divinity through knowledge obtained by
  reasoning and analysis.
Works
 His books (compiled from lectures given
  around the world) on the four Yogas (Raja
  Yoga, Karma Yoga, Bhakti Yoga, Jnana Yoga)
  are very influential and still seen as
  fundamental texts for anyone interested in the
  Hindu practice of Yoga.
 His letters are of great literary and spiritual
  value.
 He was also a very good singer and a poet.
 He had composed many songs including his
  favorite Kali the Mother.
 He used humor for his teachings and was also
  an excellent cook.
 His language is very free flowing.
 His own Bengali writings stand testimony to
  the fact that he believed that words - spoken or
  written should be for making things easier to
  understand rather than show off the speaker or
  writer's knowledge.
Quotes
 "Each soul is potentially divine. The goal is to
  manifest this divinity within, by controlling
  nature, external and internal. Do this either by
  work, or worship, or psychic control, or
  philosophy - by one, or more, or all of these -
  and be free. This is the whole of religion.
  Doctrines, or dogmas, or rituals, or books, or
  temples, or forms, are but secondary details."
 "The one theme of the Vedanta philosophy is
  the search after unity. The Hindu mind does not
  care for the particular; it is always after the
  general, nay, the universal. "what is it that by
  knowing which everything else is to be
  known." That is the one search."

 "Look upon every man, woman, and everyone
  as God. You cannot help anyone, you can only
  serve: serve the children of the Lord, serve the
  Lord Himself, if you have the privilege."
 "It may be that I shall find it good to get outside of
  my body -- to cast it off like a disused garment.
  But I shall not cease to work! I shall inspire men
  everywhere, until the world shall know that it is
  one with God."

 "Mankind ought to be taught that religions are but
  the varied expressions of THE RELIGION, which
  is Oneness, so that each may choose the path that
  suits him best."

 " So long as even a single dog in my country is
  without food, my whole religion will be to feed it."
 "This is the gist of all worship - to be pure and
  to do good to others. He who sees Siva (God)
  in the poor, in the weak, and in the diseased,
  really worships Siva, and if he sees Siva only
  in the image, his worship is but preliminary. He
  who has served and helped one poor man
  seeing Siva in him, without thinking of his
  caste, creed, or race, or anything, with him Siva
  is more pleased than with the man who sees
  Him only in temples."
 "Aye , who ever saw money make the man? It
  is man that always make money. The whole
  world has been made by the energy of man, by
  the power of enthusiasm, by the power of
  faith."

 "It is a tremendous error to feel helpless. Do
  not seek help from anyone. We are our own
  help. If we cannot help ourselves, there is none
  to help us."
 "All power is within you, you can do anything
  and everything. Believe in that, do not believe
  that you are weak... You can do anything and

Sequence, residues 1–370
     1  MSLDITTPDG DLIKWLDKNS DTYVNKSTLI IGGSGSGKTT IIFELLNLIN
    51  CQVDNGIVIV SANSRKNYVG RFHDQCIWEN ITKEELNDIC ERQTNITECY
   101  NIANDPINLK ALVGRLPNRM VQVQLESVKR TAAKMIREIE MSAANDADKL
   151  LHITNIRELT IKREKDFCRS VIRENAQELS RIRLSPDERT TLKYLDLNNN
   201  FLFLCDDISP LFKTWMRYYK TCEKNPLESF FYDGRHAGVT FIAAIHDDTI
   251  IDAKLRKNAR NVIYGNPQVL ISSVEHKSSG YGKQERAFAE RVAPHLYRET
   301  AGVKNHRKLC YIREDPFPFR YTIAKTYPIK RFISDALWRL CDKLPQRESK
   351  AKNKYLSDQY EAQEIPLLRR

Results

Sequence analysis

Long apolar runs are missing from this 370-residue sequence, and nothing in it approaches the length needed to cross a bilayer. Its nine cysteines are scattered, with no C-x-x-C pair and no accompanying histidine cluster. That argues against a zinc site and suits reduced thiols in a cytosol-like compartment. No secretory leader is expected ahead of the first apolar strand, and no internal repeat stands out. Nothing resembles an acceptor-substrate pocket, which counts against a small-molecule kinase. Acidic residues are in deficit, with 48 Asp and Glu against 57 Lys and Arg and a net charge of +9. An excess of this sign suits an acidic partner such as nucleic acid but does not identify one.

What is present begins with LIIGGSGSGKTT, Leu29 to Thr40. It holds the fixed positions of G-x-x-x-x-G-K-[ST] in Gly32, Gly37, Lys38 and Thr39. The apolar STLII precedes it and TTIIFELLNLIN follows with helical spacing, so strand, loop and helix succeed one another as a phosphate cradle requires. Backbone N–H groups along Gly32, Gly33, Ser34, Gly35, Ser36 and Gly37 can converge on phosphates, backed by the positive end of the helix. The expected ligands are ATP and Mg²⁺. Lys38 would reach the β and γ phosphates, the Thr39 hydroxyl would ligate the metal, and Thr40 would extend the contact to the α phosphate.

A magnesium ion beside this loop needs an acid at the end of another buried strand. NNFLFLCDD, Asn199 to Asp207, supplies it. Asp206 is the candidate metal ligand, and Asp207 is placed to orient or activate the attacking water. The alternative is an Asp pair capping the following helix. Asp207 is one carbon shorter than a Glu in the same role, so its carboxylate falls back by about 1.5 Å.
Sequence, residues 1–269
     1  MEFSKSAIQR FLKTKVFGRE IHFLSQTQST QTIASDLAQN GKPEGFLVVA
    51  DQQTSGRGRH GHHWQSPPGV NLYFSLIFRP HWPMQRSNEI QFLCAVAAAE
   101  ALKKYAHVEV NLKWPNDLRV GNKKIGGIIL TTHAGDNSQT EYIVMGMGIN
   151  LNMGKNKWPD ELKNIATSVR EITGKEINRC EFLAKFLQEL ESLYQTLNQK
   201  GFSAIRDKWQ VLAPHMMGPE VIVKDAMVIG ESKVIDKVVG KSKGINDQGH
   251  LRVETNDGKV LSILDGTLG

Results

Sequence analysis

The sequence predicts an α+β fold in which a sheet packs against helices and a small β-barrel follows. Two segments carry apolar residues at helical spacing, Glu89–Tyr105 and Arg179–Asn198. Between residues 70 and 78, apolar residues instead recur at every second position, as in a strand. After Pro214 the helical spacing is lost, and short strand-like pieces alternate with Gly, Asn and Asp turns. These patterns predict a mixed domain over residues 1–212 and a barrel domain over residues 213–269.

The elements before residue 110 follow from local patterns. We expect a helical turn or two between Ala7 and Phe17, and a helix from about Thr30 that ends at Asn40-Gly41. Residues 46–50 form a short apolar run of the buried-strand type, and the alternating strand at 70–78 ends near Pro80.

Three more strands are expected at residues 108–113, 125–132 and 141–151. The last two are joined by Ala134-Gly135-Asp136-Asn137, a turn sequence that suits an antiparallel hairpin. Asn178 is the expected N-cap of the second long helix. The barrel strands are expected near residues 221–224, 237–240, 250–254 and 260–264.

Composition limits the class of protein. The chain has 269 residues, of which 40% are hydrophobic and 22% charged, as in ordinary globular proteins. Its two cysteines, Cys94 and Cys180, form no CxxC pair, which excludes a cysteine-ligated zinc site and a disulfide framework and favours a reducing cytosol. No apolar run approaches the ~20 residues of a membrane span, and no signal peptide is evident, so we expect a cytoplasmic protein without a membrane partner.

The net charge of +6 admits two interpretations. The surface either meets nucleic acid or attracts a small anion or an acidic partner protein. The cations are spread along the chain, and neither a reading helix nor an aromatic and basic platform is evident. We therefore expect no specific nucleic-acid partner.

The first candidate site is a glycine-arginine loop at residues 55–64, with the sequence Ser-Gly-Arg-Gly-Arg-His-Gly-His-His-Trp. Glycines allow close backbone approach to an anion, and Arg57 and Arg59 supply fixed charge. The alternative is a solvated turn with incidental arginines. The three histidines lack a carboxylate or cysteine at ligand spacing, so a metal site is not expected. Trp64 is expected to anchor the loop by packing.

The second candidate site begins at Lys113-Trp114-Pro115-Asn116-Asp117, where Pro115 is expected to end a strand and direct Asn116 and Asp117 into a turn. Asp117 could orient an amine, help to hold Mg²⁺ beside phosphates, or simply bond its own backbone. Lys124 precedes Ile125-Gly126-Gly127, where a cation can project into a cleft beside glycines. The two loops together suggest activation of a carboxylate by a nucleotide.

everything, without even the guidance of any
  one. All power is there. Stand up and express
  the divinity with you... Arise, awake, sleep no
  more. With each of you there is the power to
  remove all wants and all miseries. Believe in
  this, that power will be manifested."
 ""Allow me to call you; brethren, by that sweet
  name - heirs of immortal bliss - yea,.... Ye are
  the children of God, the sharers of immortal
  bliss, holy and perfect beings. Ye divinities on
  earth - sinners! It is a sin to call a man so; it is
  standing libel on human nature."
 "On this basic - being right and doing right the
  whole world can unite."

 "We put our hands over our eyes and weep that
  it is dark."

 "He alone lives who lives for others. The rest
  are more dead than alive."
 “A man may believe in all the churches in the
  world, he may carry in his head all the sacred
  books ever written, he may baptize himself in
  all the rivers of the earth; still, if he has no
  perception of God, I would class him with the
  rankest atheist.”

 “And a man may have never entered a church
  or a mosque, nor performed any ceremony, but
  if he feels God within himself and thereby
  lifted above the vanities of the world, that man
  is a holy man, a saint, call him what you will.”
`
UNIVERSAL TEACHINGS

              SEE GOD IN ALL
This is the gist of all worship - to be pure and to
do good to others. He who sees Siva in the poor,
in the weak, and in the diseased, really worships
 Siva, and if he sees Siva only in the image, his
 worship is but preliminary. He who has served
  and helped one poor man seeing Siva in him,
  without thinking of his cast, creed, or race, or
  anything, with him Siva is more pleased than
 with the man who sees Him only in temples.
GOD IS WITHIN YOU

     It is impossible to find God outside of
 ourselves. Our own souls contribute all of the
    divinity that is outside of us. We are the
  greatest temple. The objectification is only a
faint imitation of what we see within ourselves.


   TRUST COMPLETELY IN GOD
     Stand up for God; let the world go.
PERSEVERE IN YOUR SEARCH FOR GOD
     To succeed, you must have tremendous
 perseverance, tremendous will. "I will drink the
  ocean," says the persevering soul, "at my will
  mountains will crumble up." Have that sort of
 energy, that sort of will, work hard, and you will
                   reach the goal.
     LOVE OF GOD IS ESSENTIAL